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Miccinilli v. Collins

March 5, 2010


On appeal from the Superior Court of New Jersey, Chancery Division, Family Part, Bergen County, Docket No. FM-02-238-04.

Per curiam.


Submitted January 20, 2010

Before Judges Carchman, Parrillo and Lihotz.

Defendant Robert Collins appeals from a November 21, 2008 Family Part order granting plaintiff Lisa Collins's*fn1 motion to enforce certain provisions of the parties' 1993 property settlement agreement (PSA) addressing payment of college tuition and other related expenses and denying in part defendant's cross-motion to retroactively terminate child support. In her decision, the motion judge granted plaintiff's motion and allocated college expenses at 54% for plaintiff and 46% for defendant. In addition, she ordered defendant to remain obligated to maintain a life insurance policy for the child's benefit in the principal amount of $500,000; denied defendant's motion to be designated as the parent of primary residence (PPR); and while denying defendant's motion to terminate child support, reduced defendant's child support obligation to $103.10 per week together with $30 per week towards arrears.

In allocating college expenses, the judge relied on the PSA and utilized pay stubs to determine "gross income." No information was forthcoming as to any additional income other than the wage information. Accordingly, consistent with the PSA, we remand for the limited inquiry and consideration of the gross income of the parties. In all other respects, we affirm.

These are the relevant facts before the judge on the motion and cross-motion. The parties were married September 1, 1989 and had one child, now age 19. On September 8, 1993, a final judgment of divorce (FJD) was entered providing the parties would share legal custody of the child - with plaintiff as PPR and defendant as parent of alternate residence (PAR) - and incorporated by reference the PSA. The PSA established the initial levels of child support as well as the parties respective obligations for contribution to college expenses and life insurance. The relevant provisions stated:

Article III

2. Child Support: The Husband shall pay to the Wife . . . the sum of ONE HUNDRED TWENTY-FIVE DOLLARS ($125.00)/per week . . . . [continuing] until the emancipation of the child. The child shall be deemed emancipated for the purposes of this Agreement upon the earliest happening of the following events:

D. The child attaining the age of EIGHTEEN . . . unless the child continues with higher education on a full-time basis, then the child shall not be deemed emancipated until after FOUR (4) continuous years of attending an institution of higher learning[.]

7. Higher Education for the Child of the Marriage: The parties shall each pay a portion of any such higher education expenses that the child incurs and their proportionate share shall be pro-rated on the basis of the ratio of their gross income at that time . . . . Higher education expenses include cost of tuition, room, board, books, fees and any and all other related expenses.


4. Until the child is emancipated, the Husband shall continue to maintain a certain life insurance policy . . . naming the child irrevocable beneficiary[.] The Husband shall provide proof of payment that said insurance policy is in full force an[d] effect to the Wife on a quarterly basis.

With the exception of cost-of-living adjustments (COLA), defendant's child support obligations have not increased in sixteen years or since the parties entered into the PSA. Since the divorce, plaintiff has moved to Warwick, New York and defendant to Ridgewood, New Jersey. During the summer of 2004, defendant filed a motion seeking to become the PPR and restrict plaintiff's parenting time. This motion was denied.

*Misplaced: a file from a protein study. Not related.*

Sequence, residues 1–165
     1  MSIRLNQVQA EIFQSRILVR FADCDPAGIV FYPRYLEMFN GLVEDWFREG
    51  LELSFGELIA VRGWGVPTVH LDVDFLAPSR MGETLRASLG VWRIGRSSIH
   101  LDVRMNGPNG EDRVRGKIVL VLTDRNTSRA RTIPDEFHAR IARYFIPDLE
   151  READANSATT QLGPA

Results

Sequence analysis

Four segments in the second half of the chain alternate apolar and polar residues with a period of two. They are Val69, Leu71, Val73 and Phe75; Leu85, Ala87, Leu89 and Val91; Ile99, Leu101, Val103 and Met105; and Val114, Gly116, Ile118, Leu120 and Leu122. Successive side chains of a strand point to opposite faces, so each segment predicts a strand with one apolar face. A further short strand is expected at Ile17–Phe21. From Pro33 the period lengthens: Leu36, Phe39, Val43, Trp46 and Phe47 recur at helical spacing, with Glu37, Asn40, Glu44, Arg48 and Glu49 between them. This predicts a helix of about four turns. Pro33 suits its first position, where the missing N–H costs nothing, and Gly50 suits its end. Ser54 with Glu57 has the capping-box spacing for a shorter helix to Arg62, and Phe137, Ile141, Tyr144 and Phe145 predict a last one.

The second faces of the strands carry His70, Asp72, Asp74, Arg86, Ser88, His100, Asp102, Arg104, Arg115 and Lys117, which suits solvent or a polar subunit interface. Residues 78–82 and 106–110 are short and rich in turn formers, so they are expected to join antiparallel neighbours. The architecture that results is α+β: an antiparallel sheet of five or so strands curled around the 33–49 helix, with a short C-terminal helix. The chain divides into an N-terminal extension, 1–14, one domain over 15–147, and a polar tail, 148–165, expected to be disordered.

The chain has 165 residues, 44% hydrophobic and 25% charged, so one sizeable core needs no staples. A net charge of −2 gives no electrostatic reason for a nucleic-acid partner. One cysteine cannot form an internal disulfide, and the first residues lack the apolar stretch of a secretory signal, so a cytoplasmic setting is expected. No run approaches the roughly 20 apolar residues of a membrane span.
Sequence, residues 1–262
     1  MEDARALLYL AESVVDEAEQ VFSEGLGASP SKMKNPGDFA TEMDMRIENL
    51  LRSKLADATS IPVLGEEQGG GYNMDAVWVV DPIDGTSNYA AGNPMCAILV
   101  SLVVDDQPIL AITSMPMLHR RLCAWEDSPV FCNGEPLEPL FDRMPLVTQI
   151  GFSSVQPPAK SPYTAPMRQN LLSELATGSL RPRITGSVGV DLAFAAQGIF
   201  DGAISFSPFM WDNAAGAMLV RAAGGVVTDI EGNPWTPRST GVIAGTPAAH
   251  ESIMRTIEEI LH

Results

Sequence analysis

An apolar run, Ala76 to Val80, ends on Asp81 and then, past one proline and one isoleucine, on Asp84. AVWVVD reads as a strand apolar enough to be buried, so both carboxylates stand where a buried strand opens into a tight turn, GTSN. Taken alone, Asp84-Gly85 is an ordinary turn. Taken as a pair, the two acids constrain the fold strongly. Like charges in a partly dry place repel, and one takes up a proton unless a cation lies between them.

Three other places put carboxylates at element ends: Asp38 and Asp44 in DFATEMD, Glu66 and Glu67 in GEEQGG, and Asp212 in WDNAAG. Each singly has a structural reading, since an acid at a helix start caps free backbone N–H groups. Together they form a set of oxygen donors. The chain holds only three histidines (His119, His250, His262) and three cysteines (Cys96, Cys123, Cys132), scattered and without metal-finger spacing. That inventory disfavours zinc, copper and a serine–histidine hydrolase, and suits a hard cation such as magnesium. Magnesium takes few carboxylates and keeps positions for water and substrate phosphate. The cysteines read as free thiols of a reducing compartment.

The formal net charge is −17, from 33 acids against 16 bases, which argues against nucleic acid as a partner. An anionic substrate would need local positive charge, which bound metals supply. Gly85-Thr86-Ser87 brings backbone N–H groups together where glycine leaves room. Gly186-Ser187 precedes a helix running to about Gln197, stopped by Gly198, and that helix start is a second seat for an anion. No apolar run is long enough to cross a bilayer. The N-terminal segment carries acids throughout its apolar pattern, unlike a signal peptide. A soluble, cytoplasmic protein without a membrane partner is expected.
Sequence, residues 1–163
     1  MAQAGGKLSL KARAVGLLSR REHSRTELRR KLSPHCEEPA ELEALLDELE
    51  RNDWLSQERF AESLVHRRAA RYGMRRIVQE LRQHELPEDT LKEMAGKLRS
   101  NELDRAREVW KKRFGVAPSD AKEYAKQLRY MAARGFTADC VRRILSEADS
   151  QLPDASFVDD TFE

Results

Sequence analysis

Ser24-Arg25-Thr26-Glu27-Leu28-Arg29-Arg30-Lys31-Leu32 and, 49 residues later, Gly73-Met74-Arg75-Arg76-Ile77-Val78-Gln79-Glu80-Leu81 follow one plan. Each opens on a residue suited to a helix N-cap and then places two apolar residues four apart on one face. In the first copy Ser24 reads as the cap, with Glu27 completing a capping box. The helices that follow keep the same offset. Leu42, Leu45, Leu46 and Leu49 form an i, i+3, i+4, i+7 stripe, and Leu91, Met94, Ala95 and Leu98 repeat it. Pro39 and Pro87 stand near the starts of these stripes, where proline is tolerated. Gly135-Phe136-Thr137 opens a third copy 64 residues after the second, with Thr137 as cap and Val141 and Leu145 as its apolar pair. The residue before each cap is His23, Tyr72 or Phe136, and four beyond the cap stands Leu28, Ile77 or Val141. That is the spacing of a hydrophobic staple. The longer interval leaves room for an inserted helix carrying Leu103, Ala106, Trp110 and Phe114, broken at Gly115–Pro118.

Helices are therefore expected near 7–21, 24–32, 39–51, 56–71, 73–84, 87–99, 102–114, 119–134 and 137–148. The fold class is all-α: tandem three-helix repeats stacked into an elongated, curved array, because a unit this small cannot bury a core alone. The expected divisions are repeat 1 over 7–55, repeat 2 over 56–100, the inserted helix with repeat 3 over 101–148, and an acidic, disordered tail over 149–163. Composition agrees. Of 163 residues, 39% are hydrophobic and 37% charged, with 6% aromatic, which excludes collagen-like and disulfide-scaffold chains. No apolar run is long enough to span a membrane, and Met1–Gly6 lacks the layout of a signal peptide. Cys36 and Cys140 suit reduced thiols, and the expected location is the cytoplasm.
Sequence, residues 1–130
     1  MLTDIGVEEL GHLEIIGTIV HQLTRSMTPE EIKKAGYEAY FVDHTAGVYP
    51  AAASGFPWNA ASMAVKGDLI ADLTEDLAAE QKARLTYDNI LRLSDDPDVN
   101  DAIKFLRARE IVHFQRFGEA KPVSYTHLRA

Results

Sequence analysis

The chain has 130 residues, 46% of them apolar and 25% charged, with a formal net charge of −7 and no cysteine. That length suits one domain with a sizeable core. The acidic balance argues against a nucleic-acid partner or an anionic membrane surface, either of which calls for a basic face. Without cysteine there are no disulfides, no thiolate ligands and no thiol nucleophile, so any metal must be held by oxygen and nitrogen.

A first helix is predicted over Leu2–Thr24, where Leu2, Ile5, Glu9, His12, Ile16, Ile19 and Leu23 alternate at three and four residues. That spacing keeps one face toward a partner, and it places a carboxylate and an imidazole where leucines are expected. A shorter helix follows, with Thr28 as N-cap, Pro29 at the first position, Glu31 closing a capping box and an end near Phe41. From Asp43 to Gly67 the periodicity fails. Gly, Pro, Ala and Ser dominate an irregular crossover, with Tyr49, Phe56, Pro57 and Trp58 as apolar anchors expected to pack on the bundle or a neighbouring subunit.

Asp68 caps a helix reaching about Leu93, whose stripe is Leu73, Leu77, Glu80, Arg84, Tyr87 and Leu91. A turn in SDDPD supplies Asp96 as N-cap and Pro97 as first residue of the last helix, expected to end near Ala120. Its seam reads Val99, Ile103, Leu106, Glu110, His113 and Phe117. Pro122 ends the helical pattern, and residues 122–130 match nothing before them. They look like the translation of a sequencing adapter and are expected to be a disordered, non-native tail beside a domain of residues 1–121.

As the child began making preparations for college, defendant sought to negotiate an agreement for cost-sharing with plaintiff notwithstanding the language of the PSA. Despite disagreements as to the nature and roles of the parties in the negotiation process, defendant apparently agreed to contribute $13,500 per year towards the child's college expenses while continuing to pay $6,500 per year in "maintenance payments." By August 18, 2008, defendant had retained counsel, who sent a letter to plaintiff, which stated defendant "[wa]s not at all agreeable to what has been discussed with your current husband." Shortly thereafter, plaintiff alleges she was informed by the child's college choice - the University of Rhode Island - that defendant had failed to make any payments.

Plaintiff filed a motion to enforce litigant's rights seeking defendant's compliance with the college funding provisions of the PSA. The filing also "sought the production of Defendant's W-2 Wage Statement for the appropriate calculation of each party's pro-rated share of combined gross income" and "the continued payment of child support by [d]efendant consistent with prior [o]rders." This last demand specifically referenced defendant's failure to inform his employer regarding a recent COLA adjustment to his support obligation.

In response, defendant filed a cross-motion seeking to have the parties' respective assets included as gross income for purposes of determining their pro-rated shares of the child's college education and expenses, directing that any "additional college expenses" not previously agreed to by both parties be exempt from apportionment, declaring defendant to be the PPR "based upon the [] child's residence with [d]efendant for the past eight (8) years[,]" ordering plaintiff to submit a completed Case Information Statement (CIS) and begin paying defendant the resulting amount of child support, terminating defendant's own support obligations retroactive to the ...

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